Close to a decade since a landmark $4.3 billion Lockheed Martin deal between Iraq and the US was signed to deliver F-16 fighter jets to the country, some Iraqi pilots claim, in unverified reports, that there is currently little to show for that investment, reports Fox News.
Furthermore, they are cited as fearing few among their ranks are combat-ready to take on another Daesh* wave or emerging threat.
According to two Iraqi Air Force pilots, speaking on conditions of anonymity, issues have emerged over the past months.
After the 3 January US assassination of Iran's top commander, General Qassem Soleimani in a drone strike in Baghdad, and retaliatory missile strikes against two US bases, Washington had withdrawn some contractors and troops from an array of locations, including the F-16’s home base at Balad, writes the outlet.
After indirect rocket fire from Iran-backed militias, according to the Pentagon, Lockheed Martin contractors withdrew from the base on 4-8 January 2020.
"… Lockheed withdrew its employees. However, all these planes [F-16s] need to be serviced and supervised… But because of a lack of parts, the Iraqi defense ministry started making its own parts and things, which is not allowed and effectively voids the warranty on them," one source was cited as saying.
It was claimed that many planes are currently grounded, with air force personnel allegedly poorly qualified regarding maintenance and that, in turn, signifies that Iraqi pilots “can't do their certification flights every month thus are rendered not combat-ready."
The situation was described as grave due to the F-16s presenting "essentially their strongest weapon against ISIS," which still frequently carries out attacks across the area of its previous "caliphate" that embraced territory in Iraq and Syria.
“So much wasted money. The planes are poorly maintained; it went from 18 to 20 airplanes fully combat-capable to only seven now," a source is believed to have said.
Concerns over the F-16s had previously been voiced by the Iraqi Oil Report that underscored "grounded jets serve as a prime example of expensive U.S. military assistance that has failed to create a meaningful Iraqi military capacity."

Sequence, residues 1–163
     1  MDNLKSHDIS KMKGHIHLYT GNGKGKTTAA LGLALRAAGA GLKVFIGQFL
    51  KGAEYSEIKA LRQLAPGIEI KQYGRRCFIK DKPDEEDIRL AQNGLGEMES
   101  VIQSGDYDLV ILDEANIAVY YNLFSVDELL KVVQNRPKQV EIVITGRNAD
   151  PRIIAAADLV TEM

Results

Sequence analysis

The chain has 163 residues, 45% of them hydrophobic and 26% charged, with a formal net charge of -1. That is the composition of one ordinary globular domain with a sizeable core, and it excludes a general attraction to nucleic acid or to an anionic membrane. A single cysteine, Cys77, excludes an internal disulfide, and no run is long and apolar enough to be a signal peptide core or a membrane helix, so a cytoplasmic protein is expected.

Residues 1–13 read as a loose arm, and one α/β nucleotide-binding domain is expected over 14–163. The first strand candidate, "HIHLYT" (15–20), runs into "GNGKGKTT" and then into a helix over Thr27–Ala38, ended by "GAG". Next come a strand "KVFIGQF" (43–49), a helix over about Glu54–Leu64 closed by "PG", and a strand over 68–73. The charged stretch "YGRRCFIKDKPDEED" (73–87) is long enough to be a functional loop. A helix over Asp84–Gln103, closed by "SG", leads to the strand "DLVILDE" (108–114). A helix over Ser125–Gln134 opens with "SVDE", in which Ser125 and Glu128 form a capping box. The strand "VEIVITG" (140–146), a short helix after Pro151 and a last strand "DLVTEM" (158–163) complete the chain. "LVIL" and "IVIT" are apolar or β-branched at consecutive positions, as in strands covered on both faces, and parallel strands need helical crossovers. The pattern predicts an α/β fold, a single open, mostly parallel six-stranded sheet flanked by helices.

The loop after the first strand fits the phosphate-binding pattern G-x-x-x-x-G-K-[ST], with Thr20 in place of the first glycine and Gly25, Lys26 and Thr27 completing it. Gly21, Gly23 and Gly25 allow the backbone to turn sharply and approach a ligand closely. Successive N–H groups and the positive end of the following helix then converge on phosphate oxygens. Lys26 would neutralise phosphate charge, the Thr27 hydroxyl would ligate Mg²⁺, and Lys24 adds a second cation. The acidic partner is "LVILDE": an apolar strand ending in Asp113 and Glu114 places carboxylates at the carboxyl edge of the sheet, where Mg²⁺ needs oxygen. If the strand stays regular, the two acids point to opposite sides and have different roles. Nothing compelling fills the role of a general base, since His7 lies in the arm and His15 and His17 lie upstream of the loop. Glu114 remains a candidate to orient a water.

‘Flaws in F-16 Deal Denied
Regarding the recent reports, a US government official was cited by Fox News as saying Lockheed Martin is still working with the Iraqi air force and providing maintenance for the F-16s.
"The security assistance enterprise has been working diligently with our Iraqi partners to support their F-16 program," the official said.
A spokesperson for Lockheed Martin echoed the stance, insisting that the company "values the relationship and partnership we have with the Iraqi Air Force."
In a statement posted on Facebook in July, Iraq's Ministry of Defense (MOD) dismissed claims of “flaws” in the F-16 accord.
"The F-16 jets continue to fly for training and combat missions even after the withdrawal of the American companies," the ministry said.
A spokesperson for the Iraqi air force was earlier quoted by the outlet as saying its top commander had visited Balad Airbase, and acknowledged that there were 19 F-16s, "all of them in good condition" and reliant currently on Iraqi technicians and experience.
Iraq signed the deal to purchase the first batch of 18 planes to bolster its air force and the country’s ability to defend its vast borders with Iran and other neighbors in 2011. This was followed by a second order of 18 jets in October 2012.
The first planes arrived in 2014, hailed by Baghdad’s envoy to the United States as a “new chapter” in efforts to enable the country’s air force stand on its own two feet.
"Iraq needs to build its air force and to depend on its own capabilities to defend the skies instead of asking other countries to do so - especially if we know that the US forces will leave at the end of this year," Iraqi government spokesman Ali al-Dabbagh was quoted as saying after the purchase was agreed on.